People ask me how I manage my time and I reply, “I am a professional time juggler.” I am very good at compartmentalizing each job. I am firm in the hours I am available for each and make sure I am realistic on what is required for each.

I work a specific number of hours at my property management job, and I’m fortunate to be in the shopping center daily so people can find me and I can deal with issues as they come up, even in off-hours.

Right now, I am in the process of breaking off a separate nonprofit from the standing nonprofit of PPHCP. I want to focus more on music and horses and less on administrative work. This year I am only focused on two projects, which cuts down the needed time until right before an event.

My husband owns the music store in Nederland, and I work out of there every day except Tuesdays, when I work at home on deadline for the paper. I have learned a lot at the music store in the past seven years and am fortunate to have very musical kids who also help out with the store. I provide marketing for the store, which, amazingly, is done only through The Mountain-Ear and online through our website and social media. We have customers from many other states who drive in for repairs and to purchase new instruments, which we have custom-made for us. We carry a lot of unique instruments that also bring people in from all over the place.

I would say all aspects of my life complement each other because each part is entwined with the others. My nonprofit life feeds into my property management life, which feeds into the newspaper life, which feeds into the music life. And overall, every part of my life is surrounded by family, friends, music, news, and is based on helping others to find the same.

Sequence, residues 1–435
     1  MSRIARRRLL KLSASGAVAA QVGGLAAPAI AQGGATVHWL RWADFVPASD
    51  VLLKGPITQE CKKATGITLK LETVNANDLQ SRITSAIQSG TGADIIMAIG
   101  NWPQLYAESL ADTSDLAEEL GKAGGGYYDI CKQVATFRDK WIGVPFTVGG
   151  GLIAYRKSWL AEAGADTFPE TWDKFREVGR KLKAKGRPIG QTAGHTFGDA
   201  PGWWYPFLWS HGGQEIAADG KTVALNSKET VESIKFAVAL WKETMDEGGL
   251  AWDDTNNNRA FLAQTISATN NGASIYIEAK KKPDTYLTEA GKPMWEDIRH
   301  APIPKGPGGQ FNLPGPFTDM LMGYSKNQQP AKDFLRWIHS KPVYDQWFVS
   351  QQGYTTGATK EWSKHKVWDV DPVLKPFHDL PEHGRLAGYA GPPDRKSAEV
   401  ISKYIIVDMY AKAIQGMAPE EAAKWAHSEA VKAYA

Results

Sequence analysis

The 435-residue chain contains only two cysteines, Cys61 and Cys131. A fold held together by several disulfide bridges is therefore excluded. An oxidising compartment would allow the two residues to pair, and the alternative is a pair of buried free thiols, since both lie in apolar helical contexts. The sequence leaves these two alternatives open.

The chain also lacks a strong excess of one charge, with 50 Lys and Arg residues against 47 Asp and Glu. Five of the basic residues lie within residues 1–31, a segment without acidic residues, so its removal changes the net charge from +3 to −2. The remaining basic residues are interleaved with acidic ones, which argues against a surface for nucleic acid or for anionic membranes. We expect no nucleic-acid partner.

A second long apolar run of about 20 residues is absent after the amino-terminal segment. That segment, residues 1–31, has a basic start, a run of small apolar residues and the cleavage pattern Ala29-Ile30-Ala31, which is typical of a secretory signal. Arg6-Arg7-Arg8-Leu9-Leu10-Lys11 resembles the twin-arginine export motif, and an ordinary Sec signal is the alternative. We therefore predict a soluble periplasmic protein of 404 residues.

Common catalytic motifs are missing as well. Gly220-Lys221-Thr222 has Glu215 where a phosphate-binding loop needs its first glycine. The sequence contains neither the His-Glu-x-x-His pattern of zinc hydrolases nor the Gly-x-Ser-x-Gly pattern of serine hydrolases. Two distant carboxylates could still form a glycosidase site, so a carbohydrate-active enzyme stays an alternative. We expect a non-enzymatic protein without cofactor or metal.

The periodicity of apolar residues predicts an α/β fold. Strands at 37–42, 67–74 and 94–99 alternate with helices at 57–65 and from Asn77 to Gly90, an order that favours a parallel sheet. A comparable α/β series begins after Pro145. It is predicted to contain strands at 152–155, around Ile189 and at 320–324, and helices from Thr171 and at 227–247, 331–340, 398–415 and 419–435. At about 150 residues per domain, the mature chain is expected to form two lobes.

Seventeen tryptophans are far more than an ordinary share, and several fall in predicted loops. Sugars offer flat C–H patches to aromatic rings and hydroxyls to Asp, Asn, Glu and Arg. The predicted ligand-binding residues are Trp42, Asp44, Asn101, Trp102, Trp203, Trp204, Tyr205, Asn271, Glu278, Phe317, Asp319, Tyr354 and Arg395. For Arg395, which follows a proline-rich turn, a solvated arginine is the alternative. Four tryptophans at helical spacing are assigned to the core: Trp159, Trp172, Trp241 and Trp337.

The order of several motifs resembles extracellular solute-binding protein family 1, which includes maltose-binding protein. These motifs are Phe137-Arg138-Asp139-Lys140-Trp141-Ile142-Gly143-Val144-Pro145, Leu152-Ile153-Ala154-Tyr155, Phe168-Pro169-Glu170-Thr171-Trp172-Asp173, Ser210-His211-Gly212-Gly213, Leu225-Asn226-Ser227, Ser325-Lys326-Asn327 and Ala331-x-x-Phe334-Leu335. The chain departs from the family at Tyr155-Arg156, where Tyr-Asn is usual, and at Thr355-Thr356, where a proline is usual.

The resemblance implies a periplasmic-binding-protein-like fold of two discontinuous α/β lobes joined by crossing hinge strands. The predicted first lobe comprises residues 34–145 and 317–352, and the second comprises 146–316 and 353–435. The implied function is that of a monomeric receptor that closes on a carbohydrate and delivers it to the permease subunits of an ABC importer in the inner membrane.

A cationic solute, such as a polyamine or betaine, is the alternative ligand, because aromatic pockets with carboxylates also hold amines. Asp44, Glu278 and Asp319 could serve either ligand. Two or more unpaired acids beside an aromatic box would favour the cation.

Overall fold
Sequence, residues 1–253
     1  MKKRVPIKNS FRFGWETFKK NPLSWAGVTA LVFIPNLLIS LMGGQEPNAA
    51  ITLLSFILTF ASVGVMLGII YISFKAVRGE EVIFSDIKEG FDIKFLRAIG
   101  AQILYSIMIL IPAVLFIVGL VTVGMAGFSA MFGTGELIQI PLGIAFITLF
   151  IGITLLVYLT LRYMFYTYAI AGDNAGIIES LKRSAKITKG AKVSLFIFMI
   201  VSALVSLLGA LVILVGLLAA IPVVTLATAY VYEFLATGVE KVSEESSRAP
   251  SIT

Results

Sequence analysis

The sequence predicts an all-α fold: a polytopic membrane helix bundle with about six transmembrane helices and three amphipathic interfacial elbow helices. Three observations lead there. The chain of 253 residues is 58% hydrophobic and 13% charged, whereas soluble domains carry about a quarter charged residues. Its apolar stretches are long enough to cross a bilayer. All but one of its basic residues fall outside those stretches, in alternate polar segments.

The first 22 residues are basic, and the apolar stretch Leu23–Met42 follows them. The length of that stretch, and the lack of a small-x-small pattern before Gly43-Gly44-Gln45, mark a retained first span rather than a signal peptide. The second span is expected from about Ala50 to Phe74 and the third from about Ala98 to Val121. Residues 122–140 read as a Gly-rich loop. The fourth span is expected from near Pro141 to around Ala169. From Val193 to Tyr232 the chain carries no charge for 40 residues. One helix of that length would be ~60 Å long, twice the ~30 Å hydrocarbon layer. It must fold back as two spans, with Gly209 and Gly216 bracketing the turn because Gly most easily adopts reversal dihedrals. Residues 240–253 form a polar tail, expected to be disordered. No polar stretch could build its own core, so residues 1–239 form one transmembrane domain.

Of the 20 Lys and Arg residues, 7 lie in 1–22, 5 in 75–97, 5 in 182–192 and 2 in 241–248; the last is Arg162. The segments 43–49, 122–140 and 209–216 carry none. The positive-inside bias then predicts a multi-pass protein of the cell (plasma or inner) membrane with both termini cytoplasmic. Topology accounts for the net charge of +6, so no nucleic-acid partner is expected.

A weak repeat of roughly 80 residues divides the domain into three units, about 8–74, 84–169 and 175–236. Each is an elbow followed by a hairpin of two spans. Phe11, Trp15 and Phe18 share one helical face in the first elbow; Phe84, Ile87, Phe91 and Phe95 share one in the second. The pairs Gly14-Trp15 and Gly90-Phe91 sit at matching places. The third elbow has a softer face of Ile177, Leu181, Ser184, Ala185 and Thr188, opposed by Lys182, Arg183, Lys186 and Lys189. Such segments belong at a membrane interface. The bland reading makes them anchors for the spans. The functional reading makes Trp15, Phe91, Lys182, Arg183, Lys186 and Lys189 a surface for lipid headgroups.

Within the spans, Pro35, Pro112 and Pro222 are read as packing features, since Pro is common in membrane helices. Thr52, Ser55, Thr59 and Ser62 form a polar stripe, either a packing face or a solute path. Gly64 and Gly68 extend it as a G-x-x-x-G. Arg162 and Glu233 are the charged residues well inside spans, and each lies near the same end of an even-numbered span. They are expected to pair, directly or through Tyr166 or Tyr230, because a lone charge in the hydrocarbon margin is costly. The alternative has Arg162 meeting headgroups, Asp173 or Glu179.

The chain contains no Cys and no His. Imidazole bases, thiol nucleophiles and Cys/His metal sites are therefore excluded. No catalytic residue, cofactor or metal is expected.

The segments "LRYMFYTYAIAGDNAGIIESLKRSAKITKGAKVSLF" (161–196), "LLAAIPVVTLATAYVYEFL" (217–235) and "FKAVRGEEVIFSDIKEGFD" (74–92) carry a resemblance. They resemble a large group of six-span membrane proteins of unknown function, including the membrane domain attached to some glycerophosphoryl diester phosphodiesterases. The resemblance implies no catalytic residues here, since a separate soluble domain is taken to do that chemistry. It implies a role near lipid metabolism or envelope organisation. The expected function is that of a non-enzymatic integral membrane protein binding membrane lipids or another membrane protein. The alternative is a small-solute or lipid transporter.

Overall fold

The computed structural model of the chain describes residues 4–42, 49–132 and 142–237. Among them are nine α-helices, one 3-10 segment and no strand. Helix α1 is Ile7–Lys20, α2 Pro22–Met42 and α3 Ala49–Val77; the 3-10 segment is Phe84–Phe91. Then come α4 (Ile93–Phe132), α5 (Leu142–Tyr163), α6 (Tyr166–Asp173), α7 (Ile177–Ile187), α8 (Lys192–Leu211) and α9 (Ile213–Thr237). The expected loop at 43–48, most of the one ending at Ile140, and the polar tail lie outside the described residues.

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Above all, Hardt takes time out to spend with family.

Q9 – Neat desk and office or not, and what would we see there?

Neat desk because I need to be able to focus, deal with tenants, deal with customers, update the website, work on design and answer phones at any given time. I go through all paperwork once a day and find what requires immediate attention. Otherwise it’s all filed in separate folders waiting for my next scheduled time at each individual job.

Q10 – What advice would you like to offer to the next generation in journalism?

Stick with it. Learn all aspects of journalism, from selling ads to publishing a paper, because print media is still very relevant and very much alive. The best place to be in print media is a newspaper with a real community focus and covering local news. It’s amazing to be part of such a community!